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November 1922

THE INCIDENCE OF MENINGITIS IN EARLY INFANCY, WITH A DESCRIPTION OF TWO CASES DUE TO UNUSUAL ORGANISMS

Author Affiliations

ST. LOUIS
From the Departments of Pediatrics and Pathology, Washington University School of Medicine, and the St. Louis Children's Hospital.

Am J Dis Child. 1922;24(5):387-396. doi:10.1001/archpedi.1922.04120110028004
Abstract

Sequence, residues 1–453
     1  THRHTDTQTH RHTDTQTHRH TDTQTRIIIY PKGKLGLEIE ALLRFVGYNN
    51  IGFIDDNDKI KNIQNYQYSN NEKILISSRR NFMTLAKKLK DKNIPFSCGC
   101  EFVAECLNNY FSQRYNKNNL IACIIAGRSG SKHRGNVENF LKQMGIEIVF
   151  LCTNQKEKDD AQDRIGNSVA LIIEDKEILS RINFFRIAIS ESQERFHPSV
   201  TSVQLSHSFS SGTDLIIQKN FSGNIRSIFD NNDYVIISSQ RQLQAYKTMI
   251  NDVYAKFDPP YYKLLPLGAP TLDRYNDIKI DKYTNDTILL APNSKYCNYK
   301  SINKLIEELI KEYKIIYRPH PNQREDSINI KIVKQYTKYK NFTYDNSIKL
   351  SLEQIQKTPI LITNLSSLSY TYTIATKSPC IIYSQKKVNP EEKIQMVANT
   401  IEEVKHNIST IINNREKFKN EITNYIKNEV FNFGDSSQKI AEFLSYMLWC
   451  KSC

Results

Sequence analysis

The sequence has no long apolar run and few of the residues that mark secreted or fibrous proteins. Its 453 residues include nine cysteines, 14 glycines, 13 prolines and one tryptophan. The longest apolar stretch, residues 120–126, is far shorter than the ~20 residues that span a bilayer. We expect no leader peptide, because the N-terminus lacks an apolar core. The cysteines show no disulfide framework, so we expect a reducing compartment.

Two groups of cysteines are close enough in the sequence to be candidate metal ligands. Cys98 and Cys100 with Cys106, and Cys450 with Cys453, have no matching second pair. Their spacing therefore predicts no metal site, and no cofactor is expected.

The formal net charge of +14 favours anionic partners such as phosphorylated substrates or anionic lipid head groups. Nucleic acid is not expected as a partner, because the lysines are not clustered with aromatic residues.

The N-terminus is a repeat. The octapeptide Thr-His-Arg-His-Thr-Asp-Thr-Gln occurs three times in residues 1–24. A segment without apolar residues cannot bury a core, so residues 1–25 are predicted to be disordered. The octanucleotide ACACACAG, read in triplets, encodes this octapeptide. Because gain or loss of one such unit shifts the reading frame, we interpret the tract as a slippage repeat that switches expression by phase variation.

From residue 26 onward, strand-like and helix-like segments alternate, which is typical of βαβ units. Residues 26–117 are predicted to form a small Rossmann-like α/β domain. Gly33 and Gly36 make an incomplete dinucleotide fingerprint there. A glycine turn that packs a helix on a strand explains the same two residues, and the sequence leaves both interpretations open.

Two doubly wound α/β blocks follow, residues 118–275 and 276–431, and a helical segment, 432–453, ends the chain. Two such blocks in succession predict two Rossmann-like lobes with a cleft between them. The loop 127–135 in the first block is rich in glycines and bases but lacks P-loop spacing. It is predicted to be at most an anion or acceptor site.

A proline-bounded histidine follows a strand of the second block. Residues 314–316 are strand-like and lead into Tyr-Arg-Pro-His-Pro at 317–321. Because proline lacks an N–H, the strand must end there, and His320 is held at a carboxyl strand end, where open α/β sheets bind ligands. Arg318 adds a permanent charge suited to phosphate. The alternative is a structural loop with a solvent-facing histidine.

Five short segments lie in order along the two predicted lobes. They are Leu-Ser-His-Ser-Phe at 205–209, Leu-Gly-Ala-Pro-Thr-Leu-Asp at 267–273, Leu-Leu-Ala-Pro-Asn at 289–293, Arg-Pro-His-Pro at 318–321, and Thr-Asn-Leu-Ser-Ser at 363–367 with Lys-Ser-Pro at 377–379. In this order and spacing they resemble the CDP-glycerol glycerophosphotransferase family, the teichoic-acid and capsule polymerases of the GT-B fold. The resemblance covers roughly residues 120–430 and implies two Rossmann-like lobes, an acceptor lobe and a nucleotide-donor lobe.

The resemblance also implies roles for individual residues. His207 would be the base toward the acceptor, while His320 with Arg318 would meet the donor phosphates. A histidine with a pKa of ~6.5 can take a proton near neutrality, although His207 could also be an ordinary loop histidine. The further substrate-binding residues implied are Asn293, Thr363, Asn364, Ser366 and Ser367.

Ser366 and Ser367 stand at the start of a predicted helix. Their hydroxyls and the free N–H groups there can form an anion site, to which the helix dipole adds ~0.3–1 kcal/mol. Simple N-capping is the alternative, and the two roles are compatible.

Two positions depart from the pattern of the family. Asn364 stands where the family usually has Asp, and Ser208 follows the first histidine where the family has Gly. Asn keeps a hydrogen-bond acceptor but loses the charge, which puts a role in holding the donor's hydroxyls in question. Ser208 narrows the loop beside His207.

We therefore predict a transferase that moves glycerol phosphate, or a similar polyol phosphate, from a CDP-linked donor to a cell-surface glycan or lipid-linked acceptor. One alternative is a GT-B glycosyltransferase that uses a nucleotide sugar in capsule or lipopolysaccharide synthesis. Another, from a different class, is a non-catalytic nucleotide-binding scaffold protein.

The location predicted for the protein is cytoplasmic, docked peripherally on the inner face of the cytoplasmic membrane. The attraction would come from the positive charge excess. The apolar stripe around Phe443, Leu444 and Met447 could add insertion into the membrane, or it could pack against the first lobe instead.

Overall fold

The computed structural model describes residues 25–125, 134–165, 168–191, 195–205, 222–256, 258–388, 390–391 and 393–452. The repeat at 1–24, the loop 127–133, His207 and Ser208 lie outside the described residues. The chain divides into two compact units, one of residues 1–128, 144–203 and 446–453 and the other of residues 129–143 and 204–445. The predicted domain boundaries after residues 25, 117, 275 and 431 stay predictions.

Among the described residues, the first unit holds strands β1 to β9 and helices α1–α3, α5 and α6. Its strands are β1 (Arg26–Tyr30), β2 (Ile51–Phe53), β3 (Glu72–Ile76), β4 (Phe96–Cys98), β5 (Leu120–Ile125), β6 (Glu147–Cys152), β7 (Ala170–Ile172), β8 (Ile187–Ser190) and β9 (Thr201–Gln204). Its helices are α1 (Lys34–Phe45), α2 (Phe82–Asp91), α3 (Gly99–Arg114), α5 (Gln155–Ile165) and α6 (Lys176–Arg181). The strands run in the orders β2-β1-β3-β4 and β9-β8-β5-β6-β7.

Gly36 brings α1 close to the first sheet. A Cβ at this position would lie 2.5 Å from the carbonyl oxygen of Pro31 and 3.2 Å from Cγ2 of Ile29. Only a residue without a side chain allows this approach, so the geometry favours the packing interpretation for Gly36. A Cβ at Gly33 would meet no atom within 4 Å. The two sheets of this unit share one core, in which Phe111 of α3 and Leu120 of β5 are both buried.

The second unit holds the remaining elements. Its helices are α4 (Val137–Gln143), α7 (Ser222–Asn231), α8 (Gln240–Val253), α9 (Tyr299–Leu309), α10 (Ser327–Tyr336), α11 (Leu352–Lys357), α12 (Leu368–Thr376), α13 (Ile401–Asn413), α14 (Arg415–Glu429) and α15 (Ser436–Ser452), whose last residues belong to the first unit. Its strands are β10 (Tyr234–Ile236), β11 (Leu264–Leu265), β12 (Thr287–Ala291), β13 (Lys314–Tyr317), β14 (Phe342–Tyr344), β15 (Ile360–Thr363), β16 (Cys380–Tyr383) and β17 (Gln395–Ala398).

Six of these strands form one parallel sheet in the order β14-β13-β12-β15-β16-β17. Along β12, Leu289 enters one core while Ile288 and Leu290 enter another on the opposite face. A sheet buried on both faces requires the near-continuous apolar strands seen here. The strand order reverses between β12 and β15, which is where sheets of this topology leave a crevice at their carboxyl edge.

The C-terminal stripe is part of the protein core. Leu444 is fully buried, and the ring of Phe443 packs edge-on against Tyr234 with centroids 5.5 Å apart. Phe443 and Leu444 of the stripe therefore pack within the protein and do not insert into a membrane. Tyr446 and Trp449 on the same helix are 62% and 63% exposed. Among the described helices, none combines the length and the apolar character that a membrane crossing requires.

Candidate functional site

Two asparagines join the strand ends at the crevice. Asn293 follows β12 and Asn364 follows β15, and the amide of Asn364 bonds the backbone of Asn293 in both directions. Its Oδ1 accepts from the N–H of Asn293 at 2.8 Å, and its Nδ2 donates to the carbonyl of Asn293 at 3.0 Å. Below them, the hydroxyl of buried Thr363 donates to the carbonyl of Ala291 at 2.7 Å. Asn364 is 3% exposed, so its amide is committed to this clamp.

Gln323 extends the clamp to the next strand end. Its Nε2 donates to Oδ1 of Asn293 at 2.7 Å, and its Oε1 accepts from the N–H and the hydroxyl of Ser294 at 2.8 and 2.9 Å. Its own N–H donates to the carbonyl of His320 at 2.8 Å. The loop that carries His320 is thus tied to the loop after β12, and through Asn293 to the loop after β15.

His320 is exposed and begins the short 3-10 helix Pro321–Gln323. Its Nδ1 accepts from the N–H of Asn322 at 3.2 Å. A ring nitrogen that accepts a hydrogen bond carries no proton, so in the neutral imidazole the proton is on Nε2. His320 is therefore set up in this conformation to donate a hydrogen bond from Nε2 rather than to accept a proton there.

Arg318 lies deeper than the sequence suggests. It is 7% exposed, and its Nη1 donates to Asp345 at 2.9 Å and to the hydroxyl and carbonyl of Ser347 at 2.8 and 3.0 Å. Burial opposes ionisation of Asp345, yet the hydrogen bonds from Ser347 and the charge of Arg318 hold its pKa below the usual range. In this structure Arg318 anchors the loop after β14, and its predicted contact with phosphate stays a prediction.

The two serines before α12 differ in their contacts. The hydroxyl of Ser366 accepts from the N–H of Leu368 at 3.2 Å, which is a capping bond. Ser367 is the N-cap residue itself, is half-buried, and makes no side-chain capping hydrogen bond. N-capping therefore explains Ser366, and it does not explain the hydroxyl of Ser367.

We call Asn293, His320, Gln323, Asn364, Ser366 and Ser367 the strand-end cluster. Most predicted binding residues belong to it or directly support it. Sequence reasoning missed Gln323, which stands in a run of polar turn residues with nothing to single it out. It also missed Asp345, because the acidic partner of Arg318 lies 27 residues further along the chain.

Although meningitis is common in childhood, it is rather infrequent in early infancy and relatively few instances have been described in infants under 3 months of age. This may be due, in part, to the relative isolation of young infants and the consequent lack of opportunity for infection. A variety of micro-organisms has been associated with meningeal infections, and it is of interest that certain of them have been particularly associated with meningitis in early infancy while infection with other types of organisms has been relatively rare. It is also noteworthy that certain types of bacteria which not infrequently cause meningitis in early infancy are rarely associated with such infections later in life. In this paper are reported two instances of meningitis in young infants caused by organisms of this latter type. In addition we have observed four cases of meningococcus meningitis (cerebrospinal fever), two others due to the streptococcus

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